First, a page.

PMCG is celebrating its 15th anniversary this year, marking a decade and a half of delivering progress, and supporting transitional and developing countries to advance their economies and democratic institutions.
While we acknowledge this important milestone, we are at the same time conscious of the extraordinary difficulties being endured by Ukrainians as they fight vigorously for their liberty.
We have contributed to Ukraine’s democratic development through the years and remain utterly committed to this cause. Indeed, we opened an office in Ukraine in 2020, making it our second home, and we will provide whatever help we can muster as they strive for a final victory.
Specifically, we, PMCG’s team members, have been supporting Ukrainians through different charities and organizations and, in this vein, we want to use this opportunity to raise awareness about how you can help.
How can I help Ukraine?
“Come Back Alive” is a foundation providing invaluable assistance to the Ukrainian military. Since 2014, their key goal has been to make the Defense Forces more efficient, to save lives, and to systematically counter the enemy. Since the full-scale Russian invasion in February 2022, it has redoubled its military assistance and supported those defending Ukraine, with its members volunteering to join the war effort.
The foundation purchases equipment to protect and even save the lives of the Ukrainian military, including thermal imaging optics, quadcopters, cars, security, and intelligence systems.
“Freefilmers” is a cinemovement and NGO from Mariupol, Ukraine. Since the full-scale invasion began, it has been focusing on supporting underground artists, queer activists, and neurodivergent people affected by the war. The organization assists in providing and transporting humanitarian aid, medical supplies, electronic equipment, and survival tools to war-affected regions, while donating to grassroots volunteer initiatives, providing first aid devices and radio equipment for the Ukrainian military, as well as humanitarian aid for internally displaced people and the most vulnerable communities (including Roma, women from rural areas, and people with disabilities).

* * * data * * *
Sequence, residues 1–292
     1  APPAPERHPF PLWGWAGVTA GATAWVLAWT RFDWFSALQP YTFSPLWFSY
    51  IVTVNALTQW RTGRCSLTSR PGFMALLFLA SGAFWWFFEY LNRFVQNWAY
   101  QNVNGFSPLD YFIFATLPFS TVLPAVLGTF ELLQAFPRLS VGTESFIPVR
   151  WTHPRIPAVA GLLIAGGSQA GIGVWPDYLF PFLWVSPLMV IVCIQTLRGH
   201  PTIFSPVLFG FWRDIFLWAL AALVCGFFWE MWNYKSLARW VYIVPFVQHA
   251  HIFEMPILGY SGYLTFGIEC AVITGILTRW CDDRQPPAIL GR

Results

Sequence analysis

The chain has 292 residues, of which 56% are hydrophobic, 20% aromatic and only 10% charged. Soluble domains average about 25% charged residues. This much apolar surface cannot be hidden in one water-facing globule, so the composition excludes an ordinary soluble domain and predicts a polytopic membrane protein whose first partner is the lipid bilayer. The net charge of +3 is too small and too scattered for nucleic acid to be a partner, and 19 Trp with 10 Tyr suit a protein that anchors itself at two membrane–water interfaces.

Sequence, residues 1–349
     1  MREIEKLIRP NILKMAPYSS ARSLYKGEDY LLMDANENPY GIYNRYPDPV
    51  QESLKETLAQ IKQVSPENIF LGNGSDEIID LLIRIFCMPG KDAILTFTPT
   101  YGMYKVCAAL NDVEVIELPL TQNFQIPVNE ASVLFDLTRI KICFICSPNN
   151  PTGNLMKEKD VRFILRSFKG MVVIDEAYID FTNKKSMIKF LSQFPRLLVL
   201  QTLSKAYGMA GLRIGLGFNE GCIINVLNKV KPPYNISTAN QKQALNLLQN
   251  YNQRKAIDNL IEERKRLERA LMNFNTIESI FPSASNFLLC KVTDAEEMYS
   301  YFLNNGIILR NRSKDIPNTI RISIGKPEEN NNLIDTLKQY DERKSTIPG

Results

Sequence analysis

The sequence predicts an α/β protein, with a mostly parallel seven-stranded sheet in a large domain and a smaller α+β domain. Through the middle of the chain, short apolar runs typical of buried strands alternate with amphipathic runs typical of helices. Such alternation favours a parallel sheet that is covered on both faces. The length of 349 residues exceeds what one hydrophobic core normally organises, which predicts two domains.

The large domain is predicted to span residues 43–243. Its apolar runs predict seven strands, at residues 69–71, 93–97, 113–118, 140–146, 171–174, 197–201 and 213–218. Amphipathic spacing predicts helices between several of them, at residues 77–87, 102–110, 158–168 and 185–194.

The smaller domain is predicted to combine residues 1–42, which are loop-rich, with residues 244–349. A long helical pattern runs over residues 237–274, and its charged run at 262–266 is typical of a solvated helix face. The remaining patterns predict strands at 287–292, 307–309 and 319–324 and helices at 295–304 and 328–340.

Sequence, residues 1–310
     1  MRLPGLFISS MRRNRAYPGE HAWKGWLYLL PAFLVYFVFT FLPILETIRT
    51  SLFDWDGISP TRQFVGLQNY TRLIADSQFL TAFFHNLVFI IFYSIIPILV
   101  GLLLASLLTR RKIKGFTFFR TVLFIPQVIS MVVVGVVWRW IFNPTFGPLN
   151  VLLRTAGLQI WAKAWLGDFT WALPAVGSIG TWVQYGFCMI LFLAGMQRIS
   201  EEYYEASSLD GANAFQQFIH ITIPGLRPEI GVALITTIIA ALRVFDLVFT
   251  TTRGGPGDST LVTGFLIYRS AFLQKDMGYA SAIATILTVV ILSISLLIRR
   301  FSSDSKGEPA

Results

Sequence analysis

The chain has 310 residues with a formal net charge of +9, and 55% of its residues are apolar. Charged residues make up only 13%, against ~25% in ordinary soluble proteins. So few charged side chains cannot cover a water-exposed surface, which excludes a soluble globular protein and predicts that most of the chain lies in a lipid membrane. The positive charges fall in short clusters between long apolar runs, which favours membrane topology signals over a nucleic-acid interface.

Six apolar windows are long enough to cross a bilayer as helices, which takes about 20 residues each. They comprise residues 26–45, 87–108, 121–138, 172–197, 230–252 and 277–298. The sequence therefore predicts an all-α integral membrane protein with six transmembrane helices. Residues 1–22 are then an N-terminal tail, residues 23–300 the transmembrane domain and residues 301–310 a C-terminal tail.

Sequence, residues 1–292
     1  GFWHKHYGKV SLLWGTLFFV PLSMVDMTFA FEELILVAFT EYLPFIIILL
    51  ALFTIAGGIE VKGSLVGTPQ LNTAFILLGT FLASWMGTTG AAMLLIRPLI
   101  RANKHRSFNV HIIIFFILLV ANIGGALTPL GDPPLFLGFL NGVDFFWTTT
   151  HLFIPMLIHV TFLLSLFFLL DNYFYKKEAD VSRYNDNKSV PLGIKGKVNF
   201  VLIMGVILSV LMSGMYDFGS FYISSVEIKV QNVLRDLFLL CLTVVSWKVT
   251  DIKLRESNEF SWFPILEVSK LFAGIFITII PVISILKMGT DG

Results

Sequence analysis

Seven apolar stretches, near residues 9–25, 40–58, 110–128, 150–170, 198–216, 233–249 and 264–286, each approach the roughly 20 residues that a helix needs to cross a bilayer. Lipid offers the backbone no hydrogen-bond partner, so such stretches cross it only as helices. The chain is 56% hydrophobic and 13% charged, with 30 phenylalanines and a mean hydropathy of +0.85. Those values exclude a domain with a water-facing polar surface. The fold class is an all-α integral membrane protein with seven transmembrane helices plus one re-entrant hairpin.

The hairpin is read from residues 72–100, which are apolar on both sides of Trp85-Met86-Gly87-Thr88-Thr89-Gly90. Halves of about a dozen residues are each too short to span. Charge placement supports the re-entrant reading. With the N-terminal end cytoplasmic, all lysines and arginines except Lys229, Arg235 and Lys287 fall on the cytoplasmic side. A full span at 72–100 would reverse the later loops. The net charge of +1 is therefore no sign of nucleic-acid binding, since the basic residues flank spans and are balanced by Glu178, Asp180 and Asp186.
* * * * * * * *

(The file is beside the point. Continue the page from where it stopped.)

“Woman for Woman” is a platform launched by the NGO “Women’s Perspectives” aimed at helping women in crisis. It publishes stories of women in crisis on their website and social media completely anonymously. Each story is carefully assessed prior to publication so the benefactors are certain that sharing will indeed help the woman in need. The main idea behind the platform is that no-one can tell a woman’s story better than herself. The platform amplifies the voices of women in crisis as their stories reach those who are able to help. In this way, the platform works towards strengthening women’s solidarity where one woman can directly help another.
The platform offers simple and direct support tools such as financial help, purchasing food or medications, as well as ordering services and voluntary work.
As Russia attacked Ukraine and a devastating war ensued, Natalie Jaresko, the former Finance Minister of Ukraine, spoke at Red Ventures, a global media and technology company. She conveyed the tragic realities of war, and, just as importantly, the power of resilience and hope.
Inspired by her words (see the video below), Red Ventures and its CEO Ric Elias – who has founded a number of nonprofits – expressed a commitment to help make a difference.
“Stronger Than Ever” is a nonprofit dedicated to alleviating humanitarian crises around the world, primarily Ukraine. Its goal now is to raise at least US$5 million to provide the Ukrainian people with critical medical supplies and medicines. With a mission of making a tangible difference, Elias has pledged personally to match every dollar donated up to US$2.5 million, while Jaresko will ensure that 100% of funds raised go toward helping the courageous Ukrainian people.
“Share the Light” is a campaign by Georgian people devoted to collecting resources to buy generators for people in Ukraine. The generators are delivered to a non-governmental organization in Kyiv, which then promptly distributes them to the areas of the country in greatest need.